Giving, receiving or even witnessing gratitude has significant benefits. Numerous studies have found that having a grateful outlook, “counting one’s blessings” and expressing gratitude to others can have positive effects on our emotional health as well as on our relationships.
Apparently, gratitude is the gift that keeps on giving. It has been shown to reduce anxiety and depression, improve sleep, and even generate physical benefits such as lower blood pressure. Now it turns out that even being an observer of a gratitude episode can be beneficial. Watching an act of gratitude between two people can cause an observer to feel more warmth and affinity toward them both.
The studies on gratitude don’t indicate how often we ought to express gratitude or how best to put it into practice. One suggestion is to be specific when expressing gratitude: Instead of just saying “thank you,” say what you are thankful for, and why.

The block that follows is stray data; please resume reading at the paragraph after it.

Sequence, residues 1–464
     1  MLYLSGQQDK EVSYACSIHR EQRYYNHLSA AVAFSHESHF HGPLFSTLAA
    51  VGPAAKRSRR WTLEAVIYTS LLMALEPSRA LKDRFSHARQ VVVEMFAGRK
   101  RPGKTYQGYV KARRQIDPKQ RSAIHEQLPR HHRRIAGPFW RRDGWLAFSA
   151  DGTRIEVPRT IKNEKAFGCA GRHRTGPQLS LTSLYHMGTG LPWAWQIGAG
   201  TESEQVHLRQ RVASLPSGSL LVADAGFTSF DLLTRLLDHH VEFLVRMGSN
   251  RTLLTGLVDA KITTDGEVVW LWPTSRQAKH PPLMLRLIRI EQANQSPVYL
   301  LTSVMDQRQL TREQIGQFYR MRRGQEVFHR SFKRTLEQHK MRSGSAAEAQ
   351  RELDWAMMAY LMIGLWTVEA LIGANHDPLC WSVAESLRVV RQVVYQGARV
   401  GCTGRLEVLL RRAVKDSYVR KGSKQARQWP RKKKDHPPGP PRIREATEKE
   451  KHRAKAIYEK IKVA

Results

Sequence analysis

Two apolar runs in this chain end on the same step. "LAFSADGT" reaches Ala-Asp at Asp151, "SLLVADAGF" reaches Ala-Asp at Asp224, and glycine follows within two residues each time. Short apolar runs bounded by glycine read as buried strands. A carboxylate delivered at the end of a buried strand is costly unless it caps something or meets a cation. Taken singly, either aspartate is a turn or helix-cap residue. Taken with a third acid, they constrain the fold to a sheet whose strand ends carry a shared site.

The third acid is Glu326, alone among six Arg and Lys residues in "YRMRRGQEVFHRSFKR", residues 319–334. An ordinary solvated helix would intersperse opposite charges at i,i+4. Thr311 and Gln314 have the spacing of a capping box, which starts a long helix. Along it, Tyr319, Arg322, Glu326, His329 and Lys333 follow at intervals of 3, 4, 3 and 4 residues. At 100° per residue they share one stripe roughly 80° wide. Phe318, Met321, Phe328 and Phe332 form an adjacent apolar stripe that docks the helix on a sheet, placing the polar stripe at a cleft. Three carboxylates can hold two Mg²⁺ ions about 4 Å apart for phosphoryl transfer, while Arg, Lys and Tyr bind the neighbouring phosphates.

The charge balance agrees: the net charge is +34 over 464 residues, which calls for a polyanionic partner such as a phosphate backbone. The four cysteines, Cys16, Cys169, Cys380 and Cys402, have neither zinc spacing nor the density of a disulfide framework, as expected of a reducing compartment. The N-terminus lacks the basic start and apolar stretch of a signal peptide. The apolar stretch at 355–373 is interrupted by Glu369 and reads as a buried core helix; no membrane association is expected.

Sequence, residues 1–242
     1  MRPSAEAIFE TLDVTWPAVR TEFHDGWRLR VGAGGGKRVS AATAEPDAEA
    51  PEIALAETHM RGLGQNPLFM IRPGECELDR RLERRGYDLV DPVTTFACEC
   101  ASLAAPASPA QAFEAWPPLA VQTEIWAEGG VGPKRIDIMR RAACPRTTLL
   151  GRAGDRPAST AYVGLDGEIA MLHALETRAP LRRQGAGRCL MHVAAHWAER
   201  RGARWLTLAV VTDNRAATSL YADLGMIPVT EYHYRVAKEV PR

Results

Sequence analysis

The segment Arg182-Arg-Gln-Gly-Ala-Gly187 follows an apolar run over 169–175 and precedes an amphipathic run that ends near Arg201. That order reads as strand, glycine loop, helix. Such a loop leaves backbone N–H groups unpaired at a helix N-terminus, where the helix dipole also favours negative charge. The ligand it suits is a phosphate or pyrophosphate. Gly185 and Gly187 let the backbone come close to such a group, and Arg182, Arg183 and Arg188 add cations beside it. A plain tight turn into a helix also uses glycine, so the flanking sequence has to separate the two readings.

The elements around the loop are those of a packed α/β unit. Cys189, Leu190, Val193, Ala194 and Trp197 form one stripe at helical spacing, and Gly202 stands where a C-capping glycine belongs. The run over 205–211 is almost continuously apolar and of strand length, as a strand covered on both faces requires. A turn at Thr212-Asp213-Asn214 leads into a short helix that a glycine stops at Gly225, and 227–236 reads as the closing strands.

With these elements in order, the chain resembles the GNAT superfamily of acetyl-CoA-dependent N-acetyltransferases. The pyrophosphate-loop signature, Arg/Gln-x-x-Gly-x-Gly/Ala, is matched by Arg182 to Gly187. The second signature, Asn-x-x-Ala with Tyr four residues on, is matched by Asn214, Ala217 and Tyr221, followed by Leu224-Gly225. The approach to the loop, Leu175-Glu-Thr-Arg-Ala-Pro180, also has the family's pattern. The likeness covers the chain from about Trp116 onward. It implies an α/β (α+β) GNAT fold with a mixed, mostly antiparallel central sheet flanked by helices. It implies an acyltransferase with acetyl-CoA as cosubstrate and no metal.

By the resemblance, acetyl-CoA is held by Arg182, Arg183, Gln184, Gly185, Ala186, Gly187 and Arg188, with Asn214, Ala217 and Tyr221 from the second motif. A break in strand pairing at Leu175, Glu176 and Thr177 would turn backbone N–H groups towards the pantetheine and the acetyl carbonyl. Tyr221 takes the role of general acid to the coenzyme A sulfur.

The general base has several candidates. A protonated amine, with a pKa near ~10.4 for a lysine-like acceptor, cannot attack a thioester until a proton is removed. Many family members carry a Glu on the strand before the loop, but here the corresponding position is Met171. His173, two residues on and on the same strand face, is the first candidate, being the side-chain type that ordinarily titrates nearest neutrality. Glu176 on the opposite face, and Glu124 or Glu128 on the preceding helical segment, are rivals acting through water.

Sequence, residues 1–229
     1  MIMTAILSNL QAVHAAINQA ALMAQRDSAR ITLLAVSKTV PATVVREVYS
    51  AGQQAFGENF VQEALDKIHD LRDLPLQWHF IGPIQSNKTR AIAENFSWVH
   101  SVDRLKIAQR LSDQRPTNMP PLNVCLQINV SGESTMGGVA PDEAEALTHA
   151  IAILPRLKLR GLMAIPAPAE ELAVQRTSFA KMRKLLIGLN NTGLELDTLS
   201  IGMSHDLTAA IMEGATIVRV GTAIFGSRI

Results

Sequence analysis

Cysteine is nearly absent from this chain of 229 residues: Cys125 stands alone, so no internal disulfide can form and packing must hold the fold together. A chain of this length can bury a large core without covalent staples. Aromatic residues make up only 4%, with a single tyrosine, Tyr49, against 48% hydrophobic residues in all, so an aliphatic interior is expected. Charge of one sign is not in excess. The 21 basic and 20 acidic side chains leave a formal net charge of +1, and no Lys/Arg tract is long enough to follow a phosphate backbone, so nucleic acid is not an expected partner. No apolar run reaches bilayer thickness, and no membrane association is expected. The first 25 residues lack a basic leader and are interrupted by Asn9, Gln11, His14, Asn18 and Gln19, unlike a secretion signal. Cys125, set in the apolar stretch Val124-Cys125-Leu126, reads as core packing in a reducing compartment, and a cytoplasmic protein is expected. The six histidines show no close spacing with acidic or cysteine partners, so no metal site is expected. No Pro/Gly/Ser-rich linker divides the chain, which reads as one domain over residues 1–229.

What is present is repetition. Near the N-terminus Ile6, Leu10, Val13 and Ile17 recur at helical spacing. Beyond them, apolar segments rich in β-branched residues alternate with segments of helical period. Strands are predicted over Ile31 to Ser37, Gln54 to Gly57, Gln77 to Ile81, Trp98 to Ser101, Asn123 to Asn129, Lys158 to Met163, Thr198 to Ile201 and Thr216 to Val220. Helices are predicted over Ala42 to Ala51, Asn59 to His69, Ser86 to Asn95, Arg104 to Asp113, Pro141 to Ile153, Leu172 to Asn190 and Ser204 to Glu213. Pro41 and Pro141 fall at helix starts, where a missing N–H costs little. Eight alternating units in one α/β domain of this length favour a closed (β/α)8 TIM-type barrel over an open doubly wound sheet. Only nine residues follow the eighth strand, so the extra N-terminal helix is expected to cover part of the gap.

Many experts believe that a small dose of gratitude, once a day, is enough to have a positive impact. To develop an enduring gratitude habit, try linking your gratitude practice to an already ingrained routine or do it at a specific time, such as first thing in the morning.
When is the last time you gave, received or witnessed gratitude and how did you feel afterward? To join the conversation, click "comments" above.
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